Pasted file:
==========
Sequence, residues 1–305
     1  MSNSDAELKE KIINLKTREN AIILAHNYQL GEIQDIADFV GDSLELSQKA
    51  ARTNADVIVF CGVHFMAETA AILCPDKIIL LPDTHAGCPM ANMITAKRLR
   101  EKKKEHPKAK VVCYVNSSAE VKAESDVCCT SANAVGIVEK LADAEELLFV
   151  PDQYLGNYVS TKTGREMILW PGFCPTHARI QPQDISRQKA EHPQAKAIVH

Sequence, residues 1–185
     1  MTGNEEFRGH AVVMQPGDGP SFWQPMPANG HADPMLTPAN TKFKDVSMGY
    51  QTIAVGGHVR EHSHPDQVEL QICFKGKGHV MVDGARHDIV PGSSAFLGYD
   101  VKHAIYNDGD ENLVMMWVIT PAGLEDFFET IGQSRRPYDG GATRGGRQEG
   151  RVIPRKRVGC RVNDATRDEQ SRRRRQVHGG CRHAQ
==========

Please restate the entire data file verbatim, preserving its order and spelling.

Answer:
Sequence, residues 1–305
     1  MSNSDAELKE KIINLKTREN AIILAHNYQL GEIQDIADFV GDSLELSQKA
    51  ARTNADVIVF CGVHFMAETA AILCPDKIIL LPDTHAGCPM ANMITAKRLR
   101  EKKKEHPKAK VVCYVNSSAE VKAESDVCCT SANAVGIVEK LADAEELLFV
   151  PDQYLGNYVS TKTGREMILW PGFCPTHARI QPQDISRQKA EHPQAKAIVH

Sequence, residues 1–185
     1  MTGNEEFRGH AVVMQPGDGP SFWQPMPANG HADPMLTPAN TKFKDVSMGY
    51  QTIAVGGHVR EHSHPDQVEL QICFKGKGHV MVDGARHDIV PGSSAFLGYD
   101  VKHAIYNDGD ENLVMMWVIT PAGLEDFFET IGQSRRPYDG GATRGGRQEG
   151  RVIPRKRVGC RVNDATRDEQ SRRRRQVHGG CRHAQ